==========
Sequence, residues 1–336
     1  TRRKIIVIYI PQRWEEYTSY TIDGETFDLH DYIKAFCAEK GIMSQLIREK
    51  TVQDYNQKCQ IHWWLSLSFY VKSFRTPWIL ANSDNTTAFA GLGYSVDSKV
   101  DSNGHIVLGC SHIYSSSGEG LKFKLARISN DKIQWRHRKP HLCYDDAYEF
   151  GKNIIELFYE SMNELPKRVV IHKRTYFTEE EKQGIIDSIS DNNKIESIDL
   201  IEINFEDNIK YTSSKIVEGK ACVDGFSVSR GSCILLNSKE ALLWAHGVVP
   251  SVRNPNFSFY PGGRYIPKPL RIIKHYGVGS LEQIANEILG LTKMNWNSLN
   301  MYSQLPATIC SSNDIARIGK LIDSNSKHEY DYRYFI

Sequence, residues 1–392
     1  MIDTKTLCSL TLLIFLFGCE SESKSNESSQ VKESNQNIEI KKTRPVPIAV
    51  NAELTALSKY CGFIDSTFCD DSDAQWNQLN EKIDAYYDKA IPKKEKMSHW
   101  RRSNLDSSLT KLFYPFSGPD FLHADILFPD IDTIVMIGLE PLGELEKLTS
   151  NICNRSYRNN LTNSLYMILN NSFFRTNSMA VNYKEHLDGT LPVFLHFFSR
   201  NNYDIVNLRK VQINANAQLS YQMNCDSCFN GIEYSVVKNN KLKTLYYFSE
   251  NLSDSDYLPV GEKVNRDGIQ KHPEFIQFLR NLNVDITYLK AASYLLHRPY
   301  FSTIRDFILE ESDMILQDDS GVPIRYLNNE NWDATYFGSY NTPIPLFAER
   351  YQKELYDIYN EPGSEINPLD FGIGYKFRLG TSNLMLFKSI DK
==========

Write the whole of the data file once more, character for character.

Sequence, residues 1–336
     1  TRRKIIVIYI PQRWEEYTSY TIDGETFDLH DYIKAFCAEK GIMSQLIREK
    51  TVQDYNQKCQ IHWWLSLSFY VKSFRTPWIL ANSDNTTAFA GLGYSVDSKV
   101  DSNGHIVLGC SHIYSSSGEG LKFKLARISN DKIQWRHRKP HLCYDDAYEF
   151  GKNIIELFYE SMNELPKRVV IHKRTYFTEE EKQGIIDSIS DNNKIESIDL
   201  IEINFEDNIK YTSSKIVEGK ACVDGFSVSR GSCILLNSKE ALLWAHGVVP
   251  SVRNPNFSFY PGGRYIPKPL RIIKHYGVGS LEQIANEILG LTKMNWNSLN
   301  MYSQLPATIC SSNDIARIGK LIDSNSKHEY DYRYFI

Sequence, residues 1–392
     1  MIDTKTLCSL TLLIFLFGCE SESKSNESSQ VKESNQNIEI KKTRPVPIAV
    51  NAELTALSKY CGFIDSTFCD DSDAQWNQLN EKIDAYYDKA IPKKEKMSHW
   101  RRSNLDSSLT KLFYPFSGPD FLHADILFPD IDTIVMIGLE PLGELEKLTS
   151  NICNRSYRNN LTNSLYMILN NSFFRTNSMA VNYKEHLDGT LPVFLHFFSR
   201  NNYDIVNLRK VQINANAQLS YQMNCDSCFN GIEYSVVKNN KLKTLYYFSE
   251  NLSDSDYLPV GEKVNRDGIQ KHPEFIQFLR NLNVDITYLK AASYLLHRPY
   301  FSTIRDFILE ESDMILQDDS GVPIRYLNNE NWDATYFGSY NTPIPLFAER
   351  YQKELYDIYN EPGSEINPLD FGIGYKFRLG TSNLMLFKSI DK